Assuntos
Aerossóis/química , Poluentes Atmosféricos/química , Monitoramento Ambiental/métodos , Material Particulado/química , Poluição do Ar , Calibragem , California , França , Israel , Itália , Tamanho da Partícula
15.
Environ Res ; 151: 1-10, 2016 Nov.
Artigo em Inglês | MEDLINE | ID: mdl-27447442

RESUMO

Satellite-derived (SAT) and chemical transport model (CTM) estimates of PM2.5 and NO2 are increasingly used in combination with Land Use Regression (LUR) models. We aimed to compare the contribution of SAT and CTM data to the performance of LUR PM2.5 and NO2 models for Europe. Four sets of models, all including local traffic and land use variables, were compared (LUR without SAT or CTM, with SAT only, with CTM only, and with both SAT and CTM). LUR models were developed using two monitoring data sets: PM2.5 and NO2 ground level measurements from the European Study of Cohorts for Air Pollution Effects (ESCAPE) and from the European AIRBASE network. LUR PM2.5 models including SAT and SAT+CTM explained ~60% of spatial variation in measured PM2.5 concentrations, substantially more than the LUR model without SAT and CTM (adjR2: 0.33-0.38). For NO2 CTM improved prediction modestly (adjR2: 0.58) compared to models without SAT and CTM (adjR2: 0.47-0.51). Both monitoring networks are capable of producing models explaining the spatial variance over a large study area. SAT and CTM estimates of PM2.5 and NO2 significantly improved the performance of high spatial resolution LUR models at the European scale for use in large epidemiological studies.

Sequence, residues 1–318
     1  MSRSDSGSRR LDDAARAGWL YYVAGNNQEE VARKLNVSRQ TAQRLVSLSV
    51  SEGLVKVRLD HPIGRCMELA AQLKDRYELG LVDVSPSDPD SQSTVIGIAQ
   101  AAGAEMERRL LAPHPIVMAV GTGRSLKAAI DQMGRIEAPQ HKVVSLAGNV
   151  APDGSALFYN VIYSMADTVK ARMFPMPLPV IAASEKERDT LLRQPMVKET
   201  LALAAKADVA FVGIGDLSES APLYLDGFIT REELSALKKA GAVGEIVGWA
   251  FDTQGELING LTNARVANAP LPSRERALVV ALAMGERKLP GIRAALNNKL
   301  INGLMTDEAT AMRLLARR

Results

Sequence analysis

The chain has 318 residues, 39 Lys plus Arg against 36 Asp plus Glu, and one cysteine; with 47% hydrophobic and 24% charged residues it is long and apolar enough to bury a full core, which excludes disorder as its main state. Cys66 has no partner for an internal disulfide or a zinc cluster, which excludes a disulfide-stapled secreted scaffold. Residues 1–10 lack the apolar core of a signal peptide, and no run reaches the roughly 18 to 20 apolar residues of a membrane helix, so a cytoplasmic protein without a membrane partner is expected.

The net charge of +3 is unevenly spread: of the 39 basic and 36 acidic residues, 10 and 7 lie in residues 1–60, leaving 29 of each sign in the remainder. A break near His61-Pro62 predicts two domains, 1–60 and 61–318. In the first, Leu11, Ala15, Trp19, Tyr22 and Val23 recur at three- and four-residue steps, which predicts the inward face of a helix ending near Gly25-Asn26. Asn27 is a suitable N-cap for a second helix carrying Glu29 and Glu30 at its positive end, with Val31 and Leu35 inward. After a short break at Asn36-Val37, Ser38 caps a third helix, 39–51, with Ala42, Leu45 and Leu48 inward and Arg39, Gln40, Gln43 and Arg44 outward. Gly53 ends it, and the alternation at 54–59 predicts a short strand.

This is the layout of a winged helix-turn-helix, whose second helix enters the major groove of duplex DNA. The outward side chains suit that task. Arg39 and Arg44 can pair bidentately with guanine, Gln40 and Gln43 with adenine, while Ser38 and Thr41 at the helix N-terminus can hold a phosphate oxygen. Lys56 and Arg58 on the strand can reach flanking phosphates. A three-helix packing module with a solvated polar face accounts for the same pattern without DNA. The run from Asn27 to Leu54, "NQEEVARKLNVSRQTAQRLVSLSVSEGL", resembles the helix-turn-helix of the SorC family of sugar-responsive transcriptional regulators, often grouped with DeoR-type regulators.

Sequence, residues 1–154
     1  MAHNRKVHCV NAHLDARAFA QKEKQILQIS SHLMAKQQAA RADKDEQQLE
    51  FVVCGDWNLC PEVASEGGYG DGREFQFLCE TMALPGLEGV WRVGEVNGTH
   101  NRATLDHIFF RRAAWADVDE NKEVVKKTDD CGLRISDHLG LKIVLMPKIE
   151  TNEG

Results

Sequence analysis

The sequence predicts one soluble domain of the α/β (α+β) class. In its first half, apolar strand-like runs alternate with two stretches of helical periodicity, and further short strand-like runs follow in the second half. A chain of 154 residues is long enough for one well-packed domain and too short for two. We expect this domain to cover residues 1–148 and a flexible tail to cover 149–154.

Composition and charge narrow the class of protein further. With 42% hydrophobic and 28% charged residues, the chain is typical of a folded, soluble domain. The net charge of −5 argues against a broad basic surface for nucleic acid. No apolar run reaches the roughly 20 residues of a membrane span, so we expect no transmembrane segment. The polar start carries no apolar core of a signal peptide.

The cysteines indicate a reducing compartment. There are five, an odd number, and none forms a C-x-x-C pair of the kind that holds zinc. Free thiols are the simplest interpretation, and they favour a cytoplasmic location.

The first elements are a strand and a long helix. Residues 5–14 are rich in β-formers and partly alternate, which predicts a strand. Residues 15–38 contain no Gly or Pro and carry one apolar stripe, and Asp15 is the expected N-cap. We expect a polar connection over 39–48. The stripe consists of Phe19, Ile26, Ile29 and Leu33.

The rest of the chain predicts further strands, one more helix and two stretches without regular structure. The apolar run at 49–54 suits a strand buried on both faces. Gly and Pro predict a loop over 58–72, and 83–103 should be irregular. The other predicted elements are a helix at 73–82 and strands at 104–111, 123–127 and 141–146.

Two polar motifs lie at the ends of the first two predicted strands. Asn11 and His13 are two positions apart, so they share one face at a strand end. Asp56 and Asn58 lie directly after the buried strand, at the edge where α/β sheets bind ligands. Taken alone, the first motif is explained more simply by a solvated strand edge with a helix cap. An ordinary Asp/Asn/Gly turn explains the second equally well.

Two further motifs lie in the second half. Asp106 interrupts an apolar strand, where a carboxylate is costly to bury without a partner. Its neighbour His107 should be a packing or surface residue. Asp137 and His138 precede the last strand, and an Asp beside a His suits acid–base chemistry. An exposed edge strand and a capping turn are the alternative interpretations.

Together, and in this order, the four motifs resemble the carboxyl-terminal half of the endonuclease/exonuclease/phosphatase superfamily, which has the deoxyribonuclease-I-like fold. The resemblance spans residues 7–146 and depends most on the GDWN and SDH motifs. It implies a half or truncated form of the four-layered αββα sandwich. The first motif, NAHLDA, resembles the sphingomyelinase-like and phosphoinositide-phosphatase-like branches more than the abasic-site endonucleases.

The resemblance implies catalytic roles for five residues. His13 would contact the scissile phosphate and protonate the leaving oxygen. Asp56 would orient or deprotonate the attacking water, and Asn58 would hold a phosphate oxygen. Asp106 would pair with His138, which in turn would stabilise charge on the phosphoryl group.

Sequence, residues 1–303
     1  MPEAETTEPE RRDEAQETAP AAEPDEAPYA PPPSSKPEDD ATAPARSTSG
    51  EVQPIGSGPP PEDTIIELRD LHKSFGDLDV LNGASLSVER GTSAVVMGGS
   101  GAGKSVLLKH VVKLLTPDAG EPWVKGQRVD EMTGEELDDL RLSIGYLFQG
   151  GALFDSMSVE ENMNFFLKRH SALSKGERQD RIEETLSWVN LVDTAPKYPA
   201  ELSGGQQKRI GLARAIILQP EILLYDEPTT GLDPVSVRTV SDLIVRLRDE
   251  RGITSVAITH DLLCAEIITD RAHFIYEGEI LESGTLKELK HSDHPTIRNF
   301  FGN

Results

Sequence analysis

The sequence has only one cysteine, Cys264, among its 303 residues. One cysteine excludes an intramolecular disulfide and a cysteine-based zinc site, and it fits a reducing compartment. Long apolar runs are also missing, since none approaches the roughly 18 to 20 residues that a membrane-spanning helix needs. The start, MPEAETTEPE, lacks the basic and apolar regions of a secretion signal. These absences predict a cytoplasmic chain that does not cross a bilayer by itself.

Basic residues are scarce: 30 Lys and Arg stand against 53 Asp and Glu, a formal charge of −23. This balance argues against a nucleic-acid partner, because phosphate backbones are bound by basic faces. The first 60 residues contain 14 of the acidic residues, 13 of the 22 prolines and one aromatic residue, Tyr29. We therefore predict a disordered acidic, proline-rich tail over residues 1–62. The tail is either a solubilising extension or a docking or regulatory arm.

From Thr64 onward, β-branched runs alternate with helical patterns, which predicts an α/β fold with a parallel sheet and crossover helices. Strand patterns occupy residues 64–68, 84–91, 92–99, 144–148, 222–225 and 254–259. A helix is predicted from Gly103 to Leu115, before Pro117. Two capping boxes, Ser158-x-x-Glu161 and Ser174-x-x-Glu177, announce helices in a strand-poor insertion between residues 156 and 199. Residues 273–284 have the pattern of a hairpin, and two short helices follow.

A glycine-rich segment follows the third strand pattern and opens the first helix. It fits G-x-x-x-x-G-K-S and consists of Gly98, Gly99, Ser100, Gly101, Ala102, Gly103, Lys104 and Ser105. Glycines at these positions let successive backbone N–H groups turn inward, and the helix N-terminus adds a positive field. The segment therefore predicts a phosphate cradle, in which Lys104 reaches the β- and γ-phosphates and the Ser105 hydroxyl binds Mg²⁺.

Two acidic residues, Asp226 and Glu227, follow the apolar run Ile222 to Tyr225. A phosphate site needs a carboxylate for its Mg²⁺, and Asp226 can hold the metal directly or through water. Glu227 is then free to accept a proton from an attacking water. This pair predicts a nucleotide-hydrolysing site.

Assuntos
Poluentes Atmosféricos/análise , Modelos Teóricos , Dióxido de Nitrogênio/análise , Material Particulado/análise , Movimentos do Ar , Monitoramento Ambiental/estatística & dados numéricos , Europa (Continente) , Análise de Regressão , Comunicações Via Satélite
16.
Am J Hum Genet ; 98(4): 680-96, 2016 Apr 07.
Artigo em Inglês | MEDLINE | ID: mdl-27040690

RESUMO